Submitted to: Biology and Fertility of Soils
Publication Type: Peer Reviewed Journal
Publication Acceptance Date: 12/20/2003
Publication Date: 2/20/2004
Citation: Griffin, T.S., Porter, G.A. 2004. Altering soil carbon and nitrogen stocks in intensively tilled two-year rotations. Biology and Fertility of Soils. 39: 366-374 Interpretive Summary: Declining soil organic matter is a serious problem in long-term potato production systems. Potato production includes several tillage operations and relatively small amounts of residue are returned to the soil. Several management options might help either maintain or improve the organic carbon and nitrogen pools in soil, ranging from the addition of cover crops or green manure crops to the application of compost, manure, or other amendments. We used soil samples from six field experiments in Maine that lasted from 6 to 13 years, to examine the effect of these management options on carbon and nitrogen pools in the soil. We determined that amendments were required to increase total carbon or nitrogen levels in the soil, applied occasionally or every year. The amount of carbon and nitrogen in clover cover crops or green manure crops was small compared to the total amount already in the soil. Cover crops and green manure did increase the amount of nitrogen found in organic matter around sand particles, called particulate organic matter. This organic matter pool is directly involved in nutrient cycling and in holding soil particles together. The application of any amendments could, in some cases, double the amount of carbon and nitrogen in this pool. The differences in the amount of carbon present in different forms, including carbon in the soil microbes, was a result of differences in the amount of carbon returned to the soil. This research shows that application of amendments is generally needed to change carbon and nitrogen levels in 2-yr potato rotations.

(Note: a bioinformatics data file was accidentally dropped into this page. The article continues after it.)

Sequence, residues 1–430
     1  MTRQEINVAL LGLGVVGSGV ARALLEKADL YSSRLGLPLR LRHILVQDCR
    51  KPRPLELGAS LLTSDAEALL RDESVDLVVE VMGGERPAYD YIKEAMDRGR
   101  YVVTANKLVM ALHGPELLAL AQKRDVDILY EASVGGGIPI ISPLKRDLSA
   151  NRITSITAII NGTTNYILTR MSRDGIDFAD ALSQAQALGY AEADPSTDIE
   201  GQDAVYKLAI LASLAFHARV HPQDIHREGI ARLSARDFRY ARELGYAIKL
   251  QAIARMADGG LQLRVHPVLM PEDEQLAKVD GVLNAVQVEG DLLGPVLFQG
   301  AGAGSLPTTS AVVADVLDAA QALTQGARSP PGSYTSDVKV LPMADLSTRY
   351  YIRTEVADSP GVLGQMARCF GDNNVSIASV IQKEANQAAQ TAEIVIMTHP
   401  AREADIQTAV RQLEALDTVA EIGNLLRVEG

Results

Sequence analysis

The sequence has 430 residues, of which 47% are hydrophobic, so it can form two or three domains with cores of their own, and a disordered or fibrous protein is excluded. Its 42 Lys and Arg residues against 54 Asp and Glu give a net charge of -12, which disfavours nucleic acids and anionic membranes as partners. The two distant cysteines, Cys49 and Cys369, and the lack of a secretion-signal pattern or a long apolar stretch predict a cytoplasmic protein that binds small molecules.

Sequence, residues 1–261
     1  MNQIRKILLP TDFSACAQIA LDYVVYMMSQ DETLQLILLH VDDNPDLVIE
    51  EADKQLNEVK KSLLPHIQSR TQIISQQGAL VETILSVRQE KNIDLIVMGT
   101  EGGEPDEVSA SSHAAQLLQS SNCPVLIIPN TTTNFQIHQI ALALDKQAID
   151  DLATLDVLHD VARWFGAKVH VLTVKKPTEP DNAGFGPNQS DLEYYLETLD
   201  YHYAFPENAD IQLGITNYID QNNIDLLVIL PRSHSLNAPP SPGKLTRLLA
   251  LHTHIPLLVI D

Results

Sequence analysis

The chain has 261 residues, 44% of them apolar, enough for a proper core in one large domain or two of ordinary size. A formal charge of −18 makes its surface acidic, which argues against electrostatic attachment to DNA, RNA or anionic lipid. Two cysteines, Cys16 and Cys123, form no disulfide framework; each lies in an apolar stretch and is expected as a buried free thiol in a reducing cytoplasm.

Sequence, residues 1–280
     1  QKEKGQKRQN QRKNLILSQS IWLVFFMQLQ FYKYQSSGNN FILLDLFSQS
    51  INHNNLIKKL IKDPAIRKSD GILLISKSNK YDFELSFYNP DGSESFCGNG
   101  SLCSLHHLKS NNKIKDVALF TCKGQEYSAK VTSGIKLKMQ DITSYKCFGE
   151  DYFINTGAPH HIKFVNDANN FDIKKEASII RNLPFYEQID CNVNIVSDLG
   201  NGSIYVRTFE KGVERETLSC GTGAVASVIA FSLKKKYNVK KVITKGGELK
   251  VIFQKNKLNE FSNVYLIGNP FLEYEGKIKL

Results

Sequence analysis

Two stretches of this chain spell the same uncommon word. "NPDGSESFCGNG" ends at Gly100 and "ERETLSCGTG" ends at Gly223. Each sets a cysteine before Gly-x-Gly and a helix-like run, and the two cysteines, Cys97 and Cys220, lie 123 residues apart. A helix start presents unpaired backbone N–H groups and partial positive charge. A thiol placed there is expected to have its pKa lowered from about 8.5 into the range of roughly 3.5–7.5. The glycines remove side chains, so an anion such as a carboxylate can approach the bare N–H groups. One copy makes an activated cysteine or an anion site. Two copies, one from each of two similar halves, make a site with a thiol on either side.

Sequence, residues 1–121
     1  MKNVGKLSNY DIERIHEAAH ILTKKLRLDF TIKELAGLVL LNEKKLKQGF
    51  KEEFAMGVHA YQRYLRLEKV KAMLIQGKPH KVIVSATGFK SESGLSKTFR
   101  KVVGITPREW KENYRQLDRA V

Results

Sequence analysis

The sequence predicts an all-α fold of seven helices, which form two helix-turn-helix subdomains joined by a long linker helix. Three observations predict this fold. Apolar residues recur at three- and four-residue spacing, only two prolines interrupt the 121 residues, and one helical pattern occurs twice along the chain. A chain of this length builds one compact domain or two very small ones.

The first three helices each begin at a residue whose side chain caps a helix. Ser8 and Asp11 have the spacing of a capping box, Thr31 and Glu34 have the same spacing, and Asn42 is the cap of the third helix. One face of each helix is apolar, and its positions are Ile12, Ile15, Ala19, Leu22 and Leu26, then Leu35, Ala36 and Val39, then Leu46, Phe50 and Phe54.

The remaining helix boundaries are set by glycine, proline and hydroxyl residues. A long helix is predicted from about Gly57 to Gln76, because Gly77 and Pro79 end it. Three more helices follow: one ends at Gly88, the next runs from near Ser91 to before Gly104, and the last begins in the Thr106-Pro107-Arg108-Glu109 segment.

Technical Abstract: Declining soil organic matter is a serious problem in long-term potato production systems. Several management options might help either maintain or improve the organic carbon(C) and nitrogen(N) pools in soil, ranging from the addition of cover crops or green manure crops to the application of compost, manure, or other amendments. Archived soil samples from field experiments in Maine were used to assess the effect of cover crop, green manure crop, and intermittent or annual amendment on soil (C) and (N) pools. These field experiments, of 6-13 yr duration, were all characterized by 2-yr rotation with either sweet corn (Zea mays L.) or potato (Solanum tuberosum L.), and primary tillage each year. Total, particulate organic matter (POM), and microbial biomass (SMB) C and N pools were assessed for each experiment. Total C and N stocks were not affected by red clover (Trifolium pratense L.) crop or legume green manure, but were increased by 25-53% via single or annual amendment. Likewise, soil microbial biomass C and N were minimally affected by changes in cropping sequence, but were quite sensitive to amendments, even those that were primarily C. Particulate organic matter (POM) C and N, associated with the coarse mineral fraction (53-2000 microns) were more responsive to management factors, and these fractions exhibited proportionally greater increases than total C and N. The change in soil C fractions was a linear function of increasing C supply, across all experiments and treatments. Within these intensively-tilled production systems, substantial C and N inputs from amendments are needed to significantly alter soil C and N pools, although cropping sequence changes can influence more labile pools responsible for nutrient cycling.